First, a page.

Directed by: Judd Apatow
Starring: Adam Sandler, Seth Rogen, Leslie Mann
When famous actor/comedian George Simmons very unexpectedly contracts a rare terminal illness, he develops a sort of need to reach out and form a genuine bond with someone outside of the world Hollywood has shaped for him. Luckily, he eventually finds solace in that of up and coming stand-up comic Ira Wright, of whom he eventually hires to be his personal assistant in order to potentially fulfill his needs. What ensues is essentially a journey through a plethora of emotional ups and downs as George struggles with his disease, the proverbial girl that got away, and learning how to rid himself of the flaws that’ve left him unhappy in his pursuit of a desirable lifestyle. This in mind, Funny People is Judd Apatow’s latest foray into the world of cinema that touches upon comedy as a career and the second chances some of us are granted that can potentially change our lives for the better.
Apatow’s latest has been widely praised as being the most personal and ultimately most mature entry into his ever-expanding filmography. Unfortunately, it’s because of this that a substantial amount of Funny People‘s 2 hour and 20 minute runtime seems to function better as a full-blown drama than the comedy it was marketed as. In fact, the comedic elements manage to come off as incredibly inconsisent when paired with the seriousness of those events surrounding Sandler’s character and his plight. I can appreciate Apatow’s approach in this regard and his obvious intentions with the material, but the scenes featuring any type of stand-up act just aren’t very funny, and any attempt at procuring a laugh outside of them seem to rely a little too heavily on references to male genitalia.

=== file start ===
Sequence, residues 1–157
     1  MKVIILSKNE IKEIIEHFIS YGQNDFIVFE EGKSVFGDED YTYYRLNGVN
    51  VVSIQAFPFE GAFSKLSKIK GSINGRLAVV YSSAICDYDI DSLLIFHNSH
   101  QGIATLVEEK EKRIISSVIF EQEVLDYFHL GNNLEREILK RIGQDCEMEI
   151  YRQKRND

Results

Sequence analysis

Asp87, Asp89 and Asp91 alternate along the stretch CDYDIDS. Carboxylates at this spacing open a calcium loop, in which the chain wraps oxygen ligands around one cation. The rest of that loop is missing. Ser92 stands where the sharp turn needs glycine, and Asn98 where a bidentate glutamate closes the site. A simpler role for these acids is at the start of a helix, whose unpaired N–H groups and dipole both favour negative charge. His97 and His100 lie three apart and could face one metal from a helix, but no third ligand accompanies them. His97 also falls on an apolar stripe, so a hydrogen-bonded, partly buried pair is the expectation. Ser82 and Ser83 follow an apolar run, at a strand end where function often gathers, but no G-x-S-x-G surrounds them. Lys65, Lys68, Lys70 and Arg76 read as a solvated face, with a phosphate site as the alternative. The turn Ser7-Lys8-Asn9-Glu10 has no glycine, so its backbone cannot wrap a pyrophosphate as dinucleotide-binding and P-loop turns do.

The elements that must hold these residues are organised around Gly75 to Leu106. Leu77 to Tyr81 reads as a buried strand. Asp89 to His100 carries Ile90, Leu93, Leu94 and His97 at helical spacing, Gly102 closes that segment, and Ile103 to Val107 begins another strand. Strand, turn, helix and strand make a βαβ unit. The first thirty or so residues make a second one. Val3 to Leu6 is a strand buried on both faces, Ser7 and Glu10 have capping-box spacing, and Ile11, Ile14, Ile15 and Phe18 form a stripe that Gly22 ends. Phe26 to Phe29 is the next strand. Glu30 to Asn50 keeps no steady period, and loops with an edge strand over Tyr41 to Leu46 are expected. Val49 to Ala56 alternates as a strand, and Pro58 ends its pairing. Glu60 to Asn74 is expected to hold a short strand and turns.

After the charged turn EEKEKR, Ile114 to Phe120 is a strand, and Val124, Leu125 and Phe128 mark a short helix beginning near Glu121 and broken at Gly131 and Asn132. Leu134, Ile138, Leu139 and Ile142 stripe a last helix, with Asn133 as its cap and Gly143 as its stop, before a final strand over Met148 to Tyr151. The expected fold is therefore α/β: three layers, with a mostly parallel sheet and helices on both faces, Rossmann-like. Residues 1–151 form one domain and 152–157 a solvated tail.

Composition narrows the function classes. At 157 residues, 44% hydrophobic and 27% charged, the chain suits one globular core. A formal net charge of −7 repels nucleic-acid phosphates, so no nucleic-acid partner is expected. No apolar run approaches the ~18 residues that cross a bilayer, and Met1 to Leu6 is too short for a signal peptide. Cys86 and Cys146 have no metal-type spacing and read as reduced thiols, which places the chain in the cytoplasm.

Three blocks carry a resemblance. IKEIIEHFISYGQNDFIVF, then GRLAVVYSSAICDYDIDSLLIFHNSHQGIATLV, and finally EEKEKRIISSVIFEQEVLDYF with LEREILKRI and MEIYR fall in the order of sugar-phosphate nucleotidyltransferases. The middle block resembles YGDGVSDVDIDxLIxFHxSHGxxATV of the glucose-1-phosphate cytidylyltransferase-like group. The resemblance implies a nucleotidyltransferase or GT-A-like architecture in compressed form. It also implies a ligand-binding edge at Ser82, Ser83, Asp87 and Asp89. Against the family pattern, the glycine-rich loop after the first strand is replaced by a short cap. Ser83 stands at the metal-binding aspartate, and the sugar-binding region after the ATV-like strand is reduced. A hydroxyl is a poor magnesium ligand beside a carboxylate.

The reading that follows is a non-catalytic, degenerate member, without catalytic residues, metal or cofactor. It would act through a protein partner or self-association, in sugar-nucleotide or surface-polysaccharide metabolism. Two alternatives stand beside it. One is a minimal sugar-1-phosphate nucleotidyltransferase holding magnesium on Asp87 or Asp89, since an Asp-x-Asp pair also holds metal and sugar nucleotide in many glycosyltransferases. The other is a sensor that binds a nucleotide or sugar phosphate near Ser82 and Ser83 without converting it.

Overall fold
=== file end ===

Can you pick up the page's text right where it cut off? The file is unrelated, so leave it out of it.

Thankfully, Funny People is wonderfully heartfelt and just plain touching, with Sandler proving to us once again that he’s no slouch when it comes down to taking on some more serious roles. Apatow’s very ample direction allows for terrific and believable interaction between all of the characters, and although the involvement of some are questionable, it’s hard to not appreciate the film as whole despite some minor marketing mistakes. This in mind, I found it much easier to recognize and appreciate it as a full-blown drama with a plot that touches upon the reality of the comedy industry, rather than a typical Apatow laugh riot.
In addition to Sandler’s dynamite effort, the rest of the ensemble cast is just as admirable, even if I didn’t particularly take a liking to Rogen’s character at several points throughout the film. To be honest, my reasoning behind these feelings of dislike can most likely be attributed to the less than favorable jabs at comic relief, but to not recognize the excellent chemistry exhibited between just about every member of the cast, Eric Bana included, would just be plain unfair. After all, I should I probably stop letting my high expectations of a particular film affect my opinions of any one performance or how good it is in general.
When you get right down to it, Funny People can be considered yet another entry into 2009’s promising lineup that has failed to be everything I thought it’d be. But, what Apatow’s latest lacks in terms of everything you’d come to expect in a project he’s helmed, he more than makes up for in the form of an undoubtedly more mature, appropriately earnest script that’s appealing in a whole new way. Sandler’s terrific performance and those of others add to the overall appeal as well, but just try to be wary of the flaws I’ve outlined including an exceptionally long runtime, of which may not please fans of the acclaimed writer/director’s previous efforts.